In terms of cultural impact, Japan definitely punches above its weight. But what do the creative industries of this island nation have to offer the rest of the world and are there any lessons to learn from them?
Mainstream gaming can be avant-garde
If you look at the list of triple-A games released in the west, the biggest sellers tend to be somewhat run-of-the-mill, at least from a narrative perspective. Each new Call of Duty title and each new entry in the Assassin’s Creed franchise may have one or two inventive plot points, but in reality they will tell the same kinds of stories that would be expected from an equivalently high profile Hollywood blockbuster.
In Japan, the opposite is true. Flagship releases from major developers can be obtuse and unusual in terms of the stories they tell, yet still manage to sell by the bucket-load.
The career of Hideo Kojima is a great example of this; from the Metal Gear Solid series to his newest project Death Stranding, his games have indulged in some of the most compellingly odd stories and set pieces ever seen on stage, screen or console.
FromSoftware, headed up by Hidetaka Miyazaki, is a similarly ambitious, successful and yet non-conformist creator of interactive experiences. Each of the Dark Souls games it made was wilfully designed to keep the story elements from the player and force them to uncover the mysteries of its world piece by piece, or ignore them altogether.
Of course there are still more straightforward, recognisable gaming experiences that are big in Japan, including the slots found on Casumo casino. Even so, it is still impressive that there is so much willingness to allow auteurs to take the reins and tell unique stories in an interactive medium when big budgets are involved.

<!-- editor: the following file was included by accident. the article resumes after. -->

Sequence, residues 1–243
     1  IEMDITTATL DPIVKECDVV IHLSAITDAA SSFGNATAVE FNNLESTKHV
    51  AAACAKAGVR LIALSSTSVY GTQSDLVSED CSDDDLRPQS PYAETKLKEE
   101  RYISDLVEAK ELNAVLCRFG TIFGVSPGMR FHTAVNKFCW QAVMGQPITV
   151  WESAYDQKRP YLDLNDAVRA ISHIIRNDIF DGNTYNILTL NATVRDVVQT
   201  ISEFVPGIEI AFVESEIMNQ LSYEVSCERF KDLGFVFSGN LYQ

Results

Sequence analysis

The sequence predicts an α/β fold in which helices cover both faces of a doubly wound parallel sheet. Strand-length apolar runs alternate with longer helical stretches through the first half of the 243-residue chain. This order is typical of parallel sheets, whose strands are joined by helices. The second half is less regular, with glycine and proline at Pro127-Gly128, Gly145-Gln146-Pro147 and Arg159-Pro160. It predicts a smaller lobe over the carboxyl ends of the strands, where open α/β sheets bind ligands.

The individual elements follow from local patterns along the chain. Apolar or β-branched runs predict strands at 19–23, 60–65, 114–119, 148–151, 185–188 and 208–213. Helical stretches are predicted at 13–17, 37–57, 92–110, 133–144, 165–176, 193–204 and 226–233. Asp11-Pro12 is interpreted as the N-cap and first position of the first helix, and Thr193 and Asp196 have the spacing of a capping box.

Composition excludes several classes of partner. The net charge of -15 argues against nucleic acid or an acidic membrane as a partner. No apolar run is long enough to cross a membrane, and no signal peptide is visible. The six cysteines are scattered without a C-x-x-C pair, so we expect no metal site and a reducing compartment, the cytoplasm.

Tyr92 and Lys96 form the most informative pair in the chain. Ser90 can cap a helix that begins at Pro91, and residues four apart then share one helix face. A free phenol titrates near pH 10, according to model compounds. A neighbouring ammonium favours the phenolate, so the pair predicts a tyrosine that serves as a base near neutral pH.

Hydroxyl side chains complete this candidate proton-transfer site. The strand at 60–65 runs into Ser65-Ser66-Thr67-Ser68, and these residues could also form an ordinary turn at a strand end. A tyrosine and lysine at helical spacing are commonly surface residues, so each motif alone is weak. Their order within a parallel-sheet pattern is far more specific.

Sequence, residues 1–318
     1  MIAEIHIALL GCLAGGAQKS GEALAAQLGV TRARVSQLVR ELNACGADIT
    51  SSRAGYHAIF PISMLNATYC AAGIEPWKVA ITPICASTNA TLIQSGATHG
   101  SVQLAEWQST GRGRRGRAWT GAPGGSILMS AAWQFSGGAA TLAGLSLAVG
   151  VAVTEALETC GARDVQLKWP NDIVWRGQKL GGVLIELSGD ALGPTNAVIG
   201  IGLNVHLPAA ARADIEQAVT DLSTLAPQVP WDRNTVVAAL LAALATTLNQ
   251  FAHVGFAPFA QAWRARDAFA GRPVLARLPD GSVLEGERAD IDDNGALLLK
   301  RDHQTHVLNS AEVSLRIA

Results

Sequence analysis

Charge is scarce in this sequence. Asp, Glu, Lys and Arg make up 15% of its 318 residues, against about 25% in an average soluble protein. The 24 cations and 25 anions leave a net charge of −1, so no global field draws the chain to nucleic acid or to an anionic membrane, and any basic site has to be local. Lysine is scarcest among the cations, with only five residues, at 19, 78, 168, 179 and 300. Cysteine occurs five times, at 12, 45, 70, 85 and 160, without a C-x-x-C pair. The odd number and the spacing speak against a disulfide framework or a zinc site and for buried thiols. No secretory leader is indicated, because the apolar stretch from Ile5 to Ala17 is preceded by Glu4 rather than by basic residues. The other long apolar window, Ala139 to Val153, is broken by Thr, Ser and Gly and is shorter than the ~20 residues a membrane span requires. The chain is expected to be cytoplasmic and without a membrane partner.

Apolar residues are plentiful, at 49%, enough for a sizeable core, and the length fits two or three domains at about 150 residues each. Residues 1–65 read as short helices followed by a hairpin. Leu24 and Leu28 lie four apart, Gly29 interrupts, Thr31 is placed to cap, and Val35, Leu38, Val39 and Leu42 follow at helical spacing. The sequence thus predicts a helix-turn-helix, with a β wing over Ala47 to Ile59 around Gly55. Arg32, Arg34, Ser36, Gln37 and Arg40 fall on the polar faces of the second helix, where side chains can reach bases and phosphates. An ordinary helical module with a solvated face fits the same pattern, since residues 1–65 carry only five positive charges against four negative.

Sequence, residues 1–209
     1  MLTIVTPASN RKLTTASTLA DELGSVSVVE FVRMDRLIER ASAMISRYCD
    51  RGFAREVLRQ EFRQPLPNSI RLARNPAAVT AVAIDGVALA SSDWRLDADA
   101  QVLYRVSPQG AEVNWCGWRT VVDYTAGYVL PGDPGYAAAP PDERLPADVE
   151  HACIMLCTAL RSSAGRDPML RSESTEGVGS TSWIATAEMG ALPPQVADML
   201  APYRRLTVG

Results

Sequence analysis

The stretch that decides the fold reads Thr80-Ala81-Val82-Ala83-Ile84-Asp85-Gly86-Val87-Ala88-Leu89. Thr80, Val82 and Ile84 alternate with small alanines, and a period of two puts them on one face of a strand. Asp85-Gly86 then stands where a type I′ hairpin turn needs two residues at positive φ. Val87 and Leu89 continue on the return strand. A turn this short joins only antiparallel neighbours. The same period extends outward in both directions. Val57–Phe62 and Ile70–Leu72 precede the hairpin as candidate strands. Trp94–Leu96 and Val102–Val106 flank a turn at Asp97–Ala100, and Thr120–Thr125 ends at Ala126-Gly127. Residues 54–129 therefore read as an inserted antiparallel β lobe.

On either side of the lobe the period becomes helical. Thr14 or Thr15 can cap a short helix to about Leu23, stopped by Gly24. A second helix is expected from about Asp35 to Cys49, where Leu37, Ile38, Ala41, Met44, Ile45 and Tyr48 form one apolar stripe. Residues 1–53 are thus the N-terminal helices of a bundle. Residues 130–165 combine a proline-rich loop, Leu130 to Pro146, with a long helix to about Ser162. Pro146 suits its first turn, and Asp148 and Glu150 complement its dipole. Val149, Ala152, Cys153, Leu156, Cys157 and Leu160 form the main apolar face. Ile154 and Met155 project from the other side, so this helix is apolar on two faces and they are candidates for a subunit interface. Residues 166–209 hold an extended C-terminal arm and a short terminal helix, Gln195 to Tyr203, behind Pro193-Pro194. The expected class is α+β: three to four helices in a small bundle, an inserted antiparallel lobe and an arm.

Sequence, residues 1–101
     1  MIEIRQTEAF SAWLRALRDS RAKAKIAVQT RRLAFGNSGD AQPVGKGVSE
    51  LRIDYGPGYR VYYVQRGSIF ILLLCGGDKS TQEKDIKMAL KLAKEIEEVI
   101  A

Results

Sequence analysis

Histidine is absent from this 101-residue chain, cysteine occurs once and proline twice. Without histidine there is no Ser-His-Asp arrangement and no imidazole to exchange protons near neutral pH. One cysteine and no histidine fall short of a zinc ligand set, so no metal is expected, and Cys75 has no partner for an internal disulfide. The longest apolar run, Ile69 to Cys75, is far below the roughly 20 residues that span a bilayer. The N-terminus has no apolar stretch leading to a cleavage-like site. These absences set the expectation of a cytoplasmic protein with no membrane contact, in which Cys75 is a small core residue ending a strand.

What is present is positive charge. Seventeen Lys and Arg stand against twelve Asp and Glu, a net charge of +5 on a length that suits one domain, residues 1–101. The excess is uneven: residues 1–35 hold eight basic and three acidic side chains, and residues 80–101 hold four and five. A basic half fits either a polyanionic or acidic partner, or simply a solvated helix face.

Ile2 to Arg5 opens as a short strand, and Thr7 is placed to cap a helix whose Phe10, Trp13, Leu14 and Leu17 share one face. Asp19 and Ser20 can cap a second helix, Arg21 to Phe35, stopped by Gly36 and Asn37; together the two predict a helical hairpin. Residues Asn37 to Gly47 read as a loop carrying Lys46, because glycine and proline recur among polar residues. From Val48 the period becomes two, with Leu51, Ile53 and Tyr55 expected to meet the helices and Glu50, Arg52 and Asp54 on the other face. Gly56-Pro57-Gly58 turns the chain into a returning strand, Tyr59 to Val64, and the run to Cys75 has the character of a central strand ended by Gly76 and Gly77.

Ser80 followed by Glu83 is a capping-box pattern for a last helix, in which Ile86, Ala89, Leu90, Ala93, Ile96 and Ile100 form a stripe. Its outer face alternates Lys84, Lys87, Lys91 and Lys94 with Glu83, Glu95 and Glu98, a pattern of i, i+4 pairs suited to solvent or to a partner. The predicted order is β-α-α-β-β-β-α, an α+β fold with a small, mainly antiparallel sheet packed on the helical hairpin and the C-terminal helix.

Animation can be adult
As with video games, there is still a certain degree of cultural snobbery in the west that is aimed at animated films and TV shows. Aside from those who churlishly argue that animation is only suited to children, the only works in this genre which receive critical attention and praise in Europe and North America tend to be those targeted at younger audiences. And no matter how good the latest Pixar release might be, there is certainly the sense that adults are being overlooked.
Thankfully in Japan the thriving anime industry has been catering to older viewers for decades and the results are a rich, vibrant back catalogue of works that are far more influential internationally than many would have you believe.
From solid gold classics like Akira to modern masterpieces like One Punch Man, Japanese anime studios have been pumping out some seriously impressive offerings year after year.
It does seem like the streaming age has helped those in the west to catch on, as one of the best new anime-style series to emerge in the recent past is Castlevania. This Netflix show may look like an anime on the surface, but underneath it benefits from being written by experienced comic book creator Warren Ellis. It earned praise for its mix of bloody action, humour and humanity, and has gone from strength to strength over its 3 seasons to date.
Cinema is an international language
Since the dawn of the age of celluloid, Japan has been a major player in the global cinema scene, giving the world some of the most respected and skilled directors of each era.
Akira Kurosawa helped to draw attention to the output of Japanese studios in the mid-20th century, with seminal works like Seven Samurai and Yojimo both influencing and being influenced by Hollywood. A little later, comedian Takeshi Kitano would prove his worth as an actor, writer and director with a series of films including Violent Cop, Sonatine, Hana-bi and Zatoichi. Extreme cinema would gain global popularity thanks to the work of prolific director Takashi Miike, and a cavalcade of other Japanese creatives would leave their mark on the art of movie-making.
Japan may have a pop culture all of its own, but it is this singular, distinctive ecosystem that draws so much attention from the rest of the world and makes it enduringly fascinating to outsiders.